Includes FREE MP3 version of this album.
Quantity:1
Add to Basket
or
Sign in to turn on 1-Click ordering.

Other Sellers on Amazon
Have one to sell? Sell on Amazon
Available to Download Now
Buy the MP3 album for £7.49

Image Unavailable

Image not available for
Colour:
  • Sorry, this item is not available in
  • Image not available

Schubert: Die Schone Mullerin - Matthias Goerne / Christoph Eschenbach (Schubert Edition Vol.3)


Price: 14.39 & FREE Delivery in the UK. Details
Includes FREE MP3 version of this album.
Does not apply to gift orders. See Terms and Conditions for important information about costs that may apply for the MP3 version in case of returns and cancellations.
Only 1 left in stock (more on the way).
Dispatched from and sold by Amazon. Gift-wrap available.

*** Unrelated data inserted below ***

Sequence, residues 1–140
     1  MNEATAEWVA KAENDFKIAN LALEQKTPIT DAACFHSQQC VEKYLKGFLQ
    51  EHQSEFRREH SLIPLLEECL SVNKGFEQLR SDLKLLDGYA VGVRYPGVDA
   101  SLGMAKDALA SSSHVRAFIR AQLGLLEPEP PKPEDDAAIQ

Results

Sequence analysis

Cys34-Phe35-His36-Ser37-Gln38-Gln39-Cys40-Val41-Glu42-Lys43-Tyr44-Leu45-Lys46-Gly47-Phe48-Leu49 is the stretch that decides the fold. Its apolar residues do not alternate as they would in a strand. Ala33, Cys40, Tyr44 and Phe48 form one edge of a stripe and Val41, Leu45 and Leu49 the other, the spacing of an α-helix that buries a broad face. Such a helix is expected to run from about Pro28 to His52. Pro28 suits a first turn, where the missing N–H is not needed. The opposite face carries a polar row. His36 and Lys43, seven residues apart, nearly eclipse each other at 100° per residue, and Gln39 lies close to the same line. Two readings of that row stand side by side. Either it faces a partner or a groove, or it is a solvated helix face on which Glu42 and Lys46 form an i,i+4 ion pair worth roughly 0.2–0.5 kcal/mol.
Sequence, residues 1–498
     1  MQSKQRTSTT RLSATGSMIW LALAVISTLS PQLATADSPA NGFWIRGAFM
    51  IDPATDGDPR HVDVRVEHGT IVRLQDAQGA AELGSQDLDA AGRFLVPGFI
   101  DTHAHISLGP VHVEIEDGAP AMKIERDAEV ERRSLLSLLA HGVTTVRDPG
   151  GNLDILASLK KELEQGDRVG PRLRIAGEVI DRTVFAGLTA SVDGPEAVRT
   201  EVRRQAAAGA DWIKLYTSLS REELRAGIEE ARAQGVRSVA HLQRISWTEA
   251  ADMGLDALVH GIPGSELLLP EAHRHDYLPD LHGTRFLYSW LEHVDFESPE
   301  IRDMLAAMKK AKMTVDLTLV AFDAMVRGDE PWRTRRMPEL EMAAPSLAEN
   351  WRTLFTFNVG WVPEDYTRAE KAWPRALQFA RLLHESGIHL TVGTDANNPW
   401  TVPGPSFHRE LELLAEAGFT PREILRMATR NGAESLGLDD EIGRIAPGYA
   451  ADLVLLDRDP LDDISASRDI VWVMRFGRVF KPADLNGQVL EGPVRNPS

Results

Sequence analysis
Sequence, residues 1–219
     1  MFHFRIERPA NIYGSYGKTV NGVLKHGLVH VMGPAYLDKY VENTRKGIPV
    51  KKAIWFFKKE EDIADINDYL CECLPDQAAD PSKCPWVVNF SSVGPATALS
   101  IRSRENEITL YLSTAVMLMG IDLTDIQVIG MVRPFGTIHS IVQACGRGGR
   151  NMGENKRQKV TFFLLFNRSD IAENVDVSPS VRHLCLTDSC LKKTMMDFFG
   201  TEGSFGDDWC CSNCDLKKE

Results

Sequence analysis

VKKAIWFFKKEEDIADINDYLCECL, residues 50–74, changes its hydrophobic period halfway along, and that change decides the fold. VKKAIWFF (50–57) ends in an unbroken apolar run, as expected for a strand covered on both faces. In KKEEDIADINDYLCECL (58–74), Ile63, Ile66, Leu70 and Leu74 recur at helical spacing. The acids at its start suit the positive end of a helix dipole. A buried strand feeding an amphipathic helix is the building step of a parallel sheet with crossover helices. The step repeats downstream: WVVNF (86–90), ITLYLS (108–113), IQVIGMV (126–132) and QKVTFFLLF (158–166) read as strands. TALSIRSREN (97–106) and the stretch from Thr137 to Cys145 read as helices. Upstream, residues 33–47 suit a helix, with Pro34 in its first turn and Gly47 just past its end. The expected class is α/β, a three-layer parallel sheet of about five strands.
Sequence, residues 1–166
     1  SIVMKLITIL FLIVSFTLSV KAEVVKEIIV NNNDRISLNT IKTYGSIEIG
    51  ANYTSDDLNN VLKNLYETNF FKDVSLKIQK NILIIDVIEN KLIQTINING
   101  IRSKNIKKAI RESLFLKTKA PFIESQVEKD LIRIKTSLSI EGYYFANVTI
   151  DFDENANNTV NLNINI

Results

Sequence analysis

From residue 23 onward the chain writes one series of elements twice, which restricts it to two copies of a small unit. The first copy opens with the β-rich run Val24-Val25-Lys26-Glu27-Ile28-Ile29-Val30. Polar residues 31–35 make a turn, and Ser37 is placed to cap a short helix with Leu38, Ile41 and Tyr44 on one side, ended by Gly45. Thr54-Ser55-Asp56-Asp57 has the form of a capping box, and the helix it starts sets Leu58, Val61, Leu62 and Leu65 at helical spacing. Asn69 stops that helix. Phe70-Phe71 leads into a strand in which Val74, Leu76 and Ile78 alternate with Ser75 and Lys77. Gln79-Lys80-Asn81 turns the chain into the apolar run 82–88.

Complete your purchase to add the MP3 version to your Amazon music library. Provided by Amazon EU S. r.l.
25 new from 7.97 5 used from 10.75

Amazon's Matthias Goerne Store

Music

Image of album by Matthias Goerne

Photos

Image of Matthias Goerne

Biography

MATTHIAS GOERNE

Matthias Goerne is one of the most internationally sought-after vocalists and a frequent guest at renowned festivals and concert halls. He has collaborated with leading orchestras all over the world. Conductors of the first rank as well as eminent pianists are among his musical partners.

Since his opera début at the Salzburg Festival in 1997 (Papageno), ... Read more in Amazon's Matthias Goerne Store

Visit Amazon's Matthias Goerne Store
for 9 albums, photos, discussions, and more.

Frequently Bought Together

Schubert: Die Schone Mullerin - Matthias Goerne / Christoph Eschenbach (Schubert Edition Vol.3) + Schubert: Heliopolis - Matthias Goerne (Schubert Edition Vol.4) CD + Bonus DVD + Schubert: Nacht und Traume - Matthias Goerne Schubert Edition Vol.5